Restrictive covenants, injunctions & settlement agreements are explained in this article. Restrictive covenants are a common feature in contracts of employment and to a lesser extent consultancy contracts, and these operate to restrict you from doing certain things after the termination of your employment. As a result, restrictive covenants often feature in settlement agreements, whereby your employer will ask you to reaffirm the restrictions which already apply to you (or they may even try to insert new ones at this late stage in the employment relationship) The types of restrictive covenant tend to relate to ‘poaching’ whereby you are prevented from taking the following with you when you leave:
2. Suppliers; and
Believe it or not, the common law position, that is the position which would exist if your contract was completely silent as to restrictive covenants, is that you are allowed to take clients, suppliers and colleagues with you. This is not what large corporations would have you believe, but in fact we live in a free market economy whereby the individual is perfectly entitled to take business away from other companies – such choice is good for the consumer.
During the course of your employment itself however you are prevented from doing the above activities by the common law, which implies a duty of loyalty into the employment contract, also known as a duty of trust and confidence. Once the employment contract is over (ie. if you quit or are fired) then these duties fall away, and that is why any restrictive covenants will operate after the effective termination date (‘EDT’).
There are also helpful rules from Brussels which cement the notion that anti-competitive practices should be very carefully considered prior to penalising anyone from offering more choice to the consumer. Restraint of trade itself is generally illegitimate, and needs to be carefully crafted by the law.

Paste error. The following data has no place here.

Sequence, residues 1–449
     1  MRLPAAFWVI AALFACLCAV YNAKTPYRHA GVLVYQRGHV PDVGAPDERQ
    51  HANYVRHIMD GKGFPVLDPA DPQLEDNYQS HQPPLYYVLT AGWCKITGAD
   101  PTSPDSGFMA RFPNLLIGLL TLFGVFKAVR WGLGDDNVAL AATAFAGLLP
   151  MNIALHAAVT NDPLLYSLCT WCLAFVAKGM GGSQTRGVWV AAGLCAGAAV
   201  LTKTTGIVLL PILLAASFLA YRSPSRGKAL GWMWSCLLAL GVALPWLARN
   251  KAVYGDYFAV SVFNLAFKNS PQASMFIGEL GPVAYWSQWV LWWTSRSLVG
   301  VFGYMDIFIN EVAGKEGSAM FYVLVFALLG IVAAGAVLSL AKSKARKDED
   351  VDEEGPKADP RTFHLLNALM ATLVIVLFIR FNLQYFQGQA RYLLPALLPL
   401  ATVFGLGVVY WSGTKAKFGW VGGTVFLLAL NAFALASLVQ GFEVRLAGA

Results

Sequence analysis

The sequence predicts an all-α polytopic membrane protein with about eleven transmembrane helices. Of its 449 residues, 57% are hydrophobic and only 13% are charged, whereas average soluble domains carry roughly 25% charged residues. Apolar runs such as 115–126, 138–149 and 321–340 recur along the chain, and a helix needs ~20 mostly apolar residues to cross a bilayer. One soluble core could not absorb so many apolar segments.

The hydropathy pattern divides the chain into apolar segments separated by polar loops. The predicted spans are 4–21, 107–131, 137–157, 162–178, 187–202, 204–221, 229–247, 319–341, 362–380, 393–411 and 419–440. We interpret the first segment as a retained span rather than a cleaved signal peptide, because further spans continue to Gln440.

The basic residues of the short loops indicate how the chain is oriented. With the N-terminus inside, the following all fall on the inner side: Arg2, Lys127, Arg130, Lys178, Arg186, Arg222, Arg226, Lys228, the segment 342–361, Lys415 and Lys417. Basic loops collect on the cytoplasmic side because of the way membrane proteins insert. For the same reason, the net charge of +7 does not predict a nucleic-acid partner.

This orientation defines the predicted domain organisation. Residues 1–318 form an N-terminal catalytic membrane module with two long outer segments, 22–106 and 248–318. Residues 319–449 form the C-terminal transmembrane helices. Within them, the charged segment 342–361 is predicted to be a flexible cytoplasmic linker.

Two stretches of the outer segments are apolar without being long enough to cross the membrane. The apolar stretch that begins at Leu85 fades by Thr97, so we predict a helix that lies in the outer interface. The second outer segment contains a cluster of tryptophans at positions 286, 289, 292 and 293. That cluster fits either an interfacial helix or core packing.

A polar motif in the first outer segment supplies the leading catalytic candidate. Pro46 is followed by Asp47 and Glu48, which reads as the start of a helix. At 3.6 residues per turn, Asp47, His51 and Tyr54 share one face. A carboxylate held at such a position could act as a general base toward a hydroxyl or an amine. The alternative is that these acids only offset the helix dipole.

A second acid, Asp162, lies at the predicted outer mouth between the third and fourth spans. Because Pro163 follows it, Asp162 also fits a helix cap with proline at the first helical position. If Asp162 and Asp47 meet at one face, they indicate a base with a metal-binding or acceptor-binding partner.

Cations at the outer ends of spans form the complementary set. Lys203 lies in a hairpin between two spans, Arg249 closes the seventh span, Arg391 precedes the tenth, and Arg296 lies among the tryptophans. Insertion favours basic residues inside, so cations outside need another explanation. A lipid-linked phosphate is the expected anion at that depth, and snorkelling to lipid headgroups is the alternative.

Restrictive Covenants which are ‘too wide’
As a result of the above, restrictive covenants which are too wide will tend to be viewed as unenforceable by the courts and tribunals. The definition of ‘too wide’ varies from case to case but here are a few pointers:
Industry-wide restrictions: any clause which seeks to prevent you from working in the same industry is highly likely to be unenforceable. Employers can only really get away with doing this for a couple of weeks and even then it would have to be localised to just a couple of postcodes. The exception to this rule could be if you are a very highly paid executive.
Length of time of restrictions: generally 3 to 6 months would be acceptable restrictions (assuming that the other criteria listed here are met) and anything over a year would be too much. A year would be quite a long time and may be unenforceable.
Your own contacts: companies often restrict you regarding people you have met whilst working for them. If however it was your own contact prior to working for them, then they can’t really restrict you from dealing with that person so easily.